This season’s massive hurricanes will force communities in Texas and Florida to ask a tough question: How do you make sure homes and businesses never flood again? Since its own devastating flood in 2010, Nashville has embraced one answer: offer to tear them down.
It would seem a welcome way out of disaster, but it’s not always an easy sell.
“If the government had just given me the money to rebuild, I would still be there because I love that river,” says Carolyn McClain. Back in 2010, her house was under 5 1/2 feet of water and she couldn’t afford to fix it. But she hated the idea of giving up her home overlooking the Cumberland River.
“Most of the people who live on that river, that’s why they’re there. If you got worries, you can just throw them in that river and they’re gone,” she says. Then she adds, laughing, “Like most of my furniture!”
McClain finally accepted the city’s buyout and moved into a condo across town. A number of her former neighbors have done the same, and her old street is starting to look a bit like a ghost town.
“Return the land to a more natural state”
Since 2010, Nashville has bought 261 homes and hopes to acquire 90 more. They’re mostly houses built before the 1970s, when the city raised its standards for how high a new structure had to be above the floodplain.
It’s not as expensive for cities as it seems. The Federal Emergency Management Agency pays 75 percent of the cost of buyout, figuring that otherwise it could be stuck helping to fund flood insurance for a property, or paying to help rebuild it every few years. Buyouts have become a priority for FEMA as climate change had led to more intense rainfall events and flooding.
“We don’t look at the 2010 flood as a once-in-a-lifetime event,” says Roger Lindsey, who oversees flood mitigation for Nashville.
He says the focus of the buyout program is “to take houses that are repetitive loss houses, to offer a homeowner fair market value for the house, and we demolish that home and return the land to a more natural state.”
The land then becomes space for a community garden, a greenway, or park. But that is up to neighborhoods to organize and could take time.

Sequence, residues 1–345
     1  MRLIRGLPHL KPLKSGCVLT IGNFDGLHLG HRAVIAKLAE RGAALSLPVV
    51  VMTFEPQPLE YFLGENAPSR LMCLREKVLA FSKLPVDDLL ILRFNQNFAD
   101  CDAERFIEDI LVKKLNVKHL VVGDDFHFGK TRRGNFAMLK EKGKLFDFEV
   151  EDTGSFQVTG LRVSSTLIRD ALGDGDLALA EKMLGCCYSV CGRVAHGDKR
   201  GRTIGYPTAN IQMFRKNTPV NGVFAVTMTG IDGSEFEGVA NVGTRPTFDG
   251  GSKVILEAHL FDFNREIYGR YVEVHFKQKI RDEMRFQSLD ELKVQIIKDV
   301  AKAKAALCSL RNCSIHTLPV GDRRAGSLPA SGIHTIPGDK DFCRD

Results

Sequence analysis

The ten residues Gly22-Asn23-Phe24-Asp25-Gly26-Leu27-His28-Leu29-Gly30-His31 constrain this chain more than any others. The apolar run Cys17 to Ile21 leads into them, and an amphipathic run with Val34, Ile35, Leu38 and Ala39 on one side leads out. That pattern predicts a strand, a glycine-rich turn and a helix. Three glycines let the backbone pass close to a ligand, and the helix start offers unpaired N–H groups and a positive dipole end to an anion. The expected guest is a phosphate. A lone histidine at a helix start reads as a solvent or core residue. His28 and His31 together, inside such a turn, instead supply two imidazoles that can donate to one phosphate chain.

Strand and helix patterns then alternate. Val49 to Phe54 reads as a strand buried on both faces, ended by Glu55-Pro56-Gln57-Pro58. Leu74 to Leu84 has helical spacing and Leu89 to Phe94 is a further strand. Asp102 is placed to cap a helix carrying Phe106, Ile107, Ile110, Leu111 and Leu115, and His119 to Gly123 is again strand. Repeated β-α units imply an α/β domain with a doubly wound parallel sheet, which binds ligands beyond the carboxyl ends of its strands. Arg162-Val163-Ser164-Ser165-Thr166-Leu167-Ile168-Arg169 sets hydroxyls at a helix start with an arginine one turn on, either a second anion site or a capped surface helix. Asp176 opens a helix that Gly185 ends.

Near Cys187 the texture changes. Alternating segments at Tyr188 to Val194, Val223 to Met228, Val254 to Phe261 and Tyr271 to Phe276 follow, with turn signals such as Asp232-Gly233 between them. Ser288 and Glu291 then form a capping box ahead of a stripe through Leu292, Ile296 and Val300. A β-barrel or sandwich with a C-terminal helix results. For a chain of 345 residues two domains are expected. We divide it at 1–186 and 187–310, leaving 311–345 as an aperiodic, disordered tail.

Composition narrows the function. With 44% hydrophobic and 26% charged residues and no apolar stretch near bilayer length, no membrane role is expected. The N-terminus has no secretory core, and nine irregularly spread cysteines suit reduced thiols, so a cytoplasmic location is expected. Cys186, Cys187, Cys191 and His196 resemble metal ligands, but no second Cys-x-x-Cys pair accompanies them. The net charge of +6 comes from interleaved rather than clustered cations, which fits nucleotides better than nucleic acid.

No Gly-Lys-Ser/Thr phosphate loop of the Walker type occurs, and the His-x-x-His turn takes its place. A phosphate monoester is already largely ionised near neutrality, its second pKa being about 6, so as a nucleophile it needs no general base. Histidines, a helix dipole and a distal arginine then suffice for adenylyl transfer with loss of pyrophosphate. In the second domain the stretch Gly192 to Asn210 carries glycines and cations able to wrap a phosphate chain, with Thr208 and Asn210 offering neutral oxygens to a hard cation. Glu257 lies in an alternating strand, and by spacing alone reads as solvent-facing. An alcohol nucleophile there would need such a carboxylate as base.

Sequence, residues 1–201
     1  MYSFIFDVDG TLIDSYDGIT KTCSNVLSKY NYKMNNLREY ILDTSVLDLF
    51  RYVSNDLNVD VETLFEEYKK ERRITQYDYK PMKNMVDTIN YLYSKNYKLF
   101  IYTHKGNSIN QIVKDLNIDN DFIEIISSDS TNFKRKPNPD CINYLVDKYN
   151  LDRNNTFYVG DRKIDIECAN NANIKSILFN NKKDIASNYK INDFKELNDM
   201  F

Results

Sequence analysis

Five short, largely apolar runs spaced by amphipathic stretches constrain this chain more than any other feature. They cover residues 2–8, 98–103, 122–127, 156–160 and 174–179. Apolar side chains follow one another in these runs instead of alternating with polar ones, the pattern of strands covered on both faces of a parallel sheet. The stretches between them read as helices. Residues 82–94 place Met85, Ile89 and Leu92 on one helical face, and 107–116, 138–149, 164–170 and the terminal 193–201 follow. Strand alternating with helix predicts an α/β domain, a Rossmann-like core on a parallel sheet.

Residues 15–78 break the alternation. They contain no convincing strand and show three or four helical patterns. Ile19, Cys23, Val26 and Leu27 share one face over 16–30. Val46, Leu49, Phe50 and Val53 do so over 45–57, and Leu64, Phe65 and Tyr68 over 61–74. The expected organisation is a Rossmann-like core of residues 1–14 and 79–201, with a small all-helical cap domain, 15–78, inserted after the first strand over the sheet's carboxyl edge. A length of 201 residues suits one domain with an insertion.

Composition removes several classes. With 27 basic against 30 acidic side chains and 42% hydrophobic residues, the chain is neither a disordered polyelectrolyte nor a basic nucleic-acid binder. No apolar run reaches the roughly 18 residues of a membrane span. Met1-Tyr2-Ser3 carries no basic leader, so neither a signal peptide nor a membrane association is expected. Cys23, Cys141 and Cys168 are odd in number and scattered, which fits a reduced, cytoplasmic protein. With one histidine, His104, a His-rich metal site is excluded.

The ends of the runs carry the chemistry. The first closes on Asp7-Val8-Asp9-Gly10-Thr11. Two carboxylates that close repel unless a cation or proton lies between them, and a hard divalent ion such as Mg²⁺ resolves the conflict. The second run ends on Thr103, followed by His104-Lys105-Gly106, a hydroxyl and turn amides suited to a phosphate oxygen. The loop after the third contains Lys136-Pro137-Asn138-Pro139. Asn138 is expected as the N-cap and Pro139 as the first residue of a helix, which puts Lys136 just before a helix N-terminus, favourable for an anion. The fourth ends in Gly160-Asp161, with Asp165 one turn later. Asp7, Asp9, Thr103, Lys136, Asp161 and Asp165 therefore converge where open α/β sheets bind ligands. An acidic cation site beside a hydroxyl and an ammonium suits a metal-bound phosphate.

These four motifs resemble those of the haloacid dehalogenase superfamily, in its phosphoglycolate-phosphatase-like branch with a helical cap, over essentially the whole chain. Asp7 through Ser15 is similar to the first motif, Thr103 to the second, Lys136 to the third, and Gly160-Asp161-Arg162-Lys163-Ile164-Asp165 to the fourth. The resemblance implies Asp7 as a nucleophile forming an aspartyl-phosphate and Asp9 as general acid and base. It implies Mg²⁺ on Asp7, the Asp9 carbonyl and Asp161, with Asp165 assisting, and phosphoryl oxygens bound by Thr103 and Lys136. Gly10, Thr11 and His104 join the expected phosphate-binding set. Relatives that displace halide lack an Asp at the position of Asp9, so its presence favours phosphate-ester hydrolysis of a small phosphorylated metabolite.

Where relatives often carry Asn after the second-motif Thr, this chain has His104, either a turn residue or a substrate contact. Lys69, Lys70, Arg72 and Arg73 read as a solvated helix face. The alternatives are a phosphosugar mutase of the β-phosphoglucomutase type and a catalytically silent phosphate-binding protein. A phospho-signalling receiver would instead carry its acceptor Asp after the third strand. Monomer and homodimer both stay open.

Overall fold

Hand over the keys
At one spot along Whites Creek, a cluster of homes has been razed, leaving 20 open acres with driveways that lead to nothing. This week, the grass and brush there were still bent flat from the most recent flooding, as the remnants of Hurricane Harvey moved through the area.
That rain dumped 10 inches on Nashville, flooding out some who’d earlier rejected the city’s offer to pack up and leave.
“We’ve actually gotten phone calls from some of those owners saying, ‘I’m ready to talk buyout again,'” Lindsey says.
At a one-story ranch home along Whites Creek, DeeDee Brickner shakes her head as she stands next to her newly upgraded pool.
“Beautiful new liner,” she says, looking at a pool full of muddy brown water from last week’s deluge.
Whites Creek is notorious for rising above its banks. But Brickner didn’t know that when she bought this house a few years ago, site unseen, in a foreclosure auction. She fixed it up to be a rental property, only to discover the home had already been rehabbed after the 2010 flood. Now once again, more than a foot of water has buckled the hardwoods and made the drywall smell moldy.
“Why would you repair a house once you realize what you’ve got?” she asks. “It shouldn’t be repaired. It shouldn’t have been repaired after 2010.”
Brickner’s property is surrounded by empty lots. Even after she found out about the city’s buyback program a few years ago, she resisted, since her tenants were happy. But she says now she’s ready to hand over the keys.
“I’ll throw up if I find out they aren’t going to buy it,” she says.